14. 14.
    H. Veenhuis, T. Borger, K. Peithmann, M. Flaspohler, K. Buse, R. Pankrath, H. Hesse, E. Kratzig, Light-induced charge-transport properties of photorefractive barium–calcium–titanate crystals doped with rhodium Appl. Phys. B Lasers Opt. 70, 797–801 (2000)ADSGoogle Scholar
  15. 15.
    S. Jayanthi, T.R.N. Kutty, Extended phase homogeneity and electrical properties of barium calcium titanate prepared by the wet chemical methods Mat. Sci. Eng. B 110, 202–212 (2004)CrossRefGoogle Scholar
  16. 16.
    R. Varatharajan, S.B. Samanta, R. Jayavel, C. Subramanian, A.V. Narlikar, P. Ramasamy, Ferroelectric characterisation studies on barium calcium titanate single crystals Mat. Charac. 45, 89–93 (2000)CrossRefGoogle Scholar
  17. 17.
    J. Wang, J.R.G. Evans, Library preparation using an aspirating–dispensing ink-jet printer for combinatorial studies in ceramics J. Mater. Res. 20, 2733–2740 (2005)CrossRefADSGoogle Scholar
  18. 18.
    J. Wang, J.R.G. Evans, London University Search Instrument: A combinatorial robot for high throughput methods in ceramic science J. Com. Chem. 7, 665–672 (2005)CrossRefGoogle Scholar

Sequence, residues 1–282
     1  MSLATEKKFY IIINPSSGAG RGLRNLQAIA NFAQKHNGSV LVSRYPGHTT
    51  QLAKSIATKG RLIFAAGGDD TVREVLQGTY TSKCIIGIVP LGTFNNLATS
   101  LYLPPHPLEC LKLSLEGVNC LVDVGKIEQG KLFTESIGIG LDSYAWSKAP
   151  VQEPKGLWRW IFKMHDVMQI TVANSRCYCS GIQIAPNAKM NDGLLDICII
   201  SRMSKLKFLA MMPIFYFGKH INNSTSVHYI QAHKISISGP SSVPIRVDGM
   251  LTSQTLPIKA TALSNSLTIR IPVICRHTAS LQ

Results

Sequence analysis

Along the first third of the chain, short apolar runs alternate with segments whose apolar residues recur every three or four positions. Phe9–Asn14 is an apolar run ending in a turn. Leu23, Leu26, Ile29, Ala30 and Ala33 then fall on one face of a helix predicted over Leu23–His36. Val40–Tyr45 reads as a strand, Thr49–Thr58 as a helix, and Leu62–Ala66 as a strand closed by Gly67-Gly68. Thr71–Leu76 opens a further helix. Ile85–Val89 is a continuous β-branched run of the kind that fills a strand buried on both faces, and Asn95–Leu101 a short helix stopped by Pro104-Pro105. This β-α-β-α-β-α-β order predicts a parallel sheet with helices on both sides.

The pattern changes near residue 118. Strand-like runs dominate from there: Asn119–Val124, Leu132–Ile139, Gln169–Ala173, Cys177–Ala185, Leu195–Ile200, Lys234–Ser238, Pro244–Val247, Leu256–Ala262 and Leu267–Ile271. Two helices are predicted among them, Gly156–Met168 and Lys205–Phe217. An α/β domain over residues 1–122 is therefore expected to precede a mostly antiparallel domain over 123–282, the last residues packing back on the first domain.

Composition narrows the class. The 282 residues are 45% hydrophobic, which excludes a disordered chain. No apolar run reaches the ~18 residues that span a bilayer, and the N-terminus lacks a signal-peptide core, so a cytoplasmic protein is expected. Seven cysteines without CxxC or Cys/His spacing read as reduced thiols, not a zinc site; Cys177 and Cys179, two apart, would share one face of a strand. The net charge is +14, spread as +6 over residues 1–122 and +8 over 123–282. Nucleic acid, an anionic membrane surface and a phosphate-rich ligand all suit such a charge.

19. 19.
    P.K. Petrov, N.McN. Alford, S. Gevorgyan, Techniques for microwave measurements of ferroelectric thin films and their associated error and limitations Meas. Sci. Technol. 16, 583–589 (2005)CrossRefADSGoogle Scholar
  20. 20.
    A.N. Salak, V.V. Shvartsman, M.P. Seabra, A.L. Kholkin, V.M. Ferreira, Ferroelectric-to-relaxor transition behaviour of BaTiO3 ceramics doped with La(Mg1/2Ti1/2)O3 J. Phys. Condens. Matter 16, 2785–2794 (2004)CrossRefADSGoogle Scholar
  21. 21.
    J. Wang, J.R.G. Evans, Segregation in multi-component ceramic colloids during drying of droplets. Phys. Rev. E 73, Art. No. 021501 (2006)Google Scholar
  22. 22.
    Z.Q. Zhuang, M.P. Harmer, D.M. Smyth, R.E. Newnham, The effect of octahedrally-coordinated calcium on the ferroelectric transition of BaTiO3 Mater. Res. Bull. 22, 1329–1335 (1987)CrossRefGoogle Scholar

Copyright information

© Springer Science+Business Media, LLC 2008

Authors and Affiliations

  • Robert C. Pullar
    • 1
    Email author
  • Yong Zhang
    • 2
  • Lifeng Chen
    • 2
  • Shoufeng Yang
    • 2
  • Julian R. G. Evans
    • 2
  • Andrei N. Salak
    • 3
  • Dmitry A. Kiselev
    • 3
  • Andrei L. Kholkin
    • 3
  • Victor M. Ferreira
    • 4
  • Neil McN. Alford
    • 1
  1. 1.Centre for Physical Electronics and Materials (PEM), Department of MaterialsImperial College LondonLondonUK
  2. 2.Department of MaterialsQueen Mary, University of LondonLondonUK
  3. 3.Department of Ceramics and Glass Engineering/CICECOUniversity of AveiroAveiroPortugal
  4. 4.Department of Civil Engineering/CICECOUniversity of AveiroAveiroPortugal

Personalised recommendations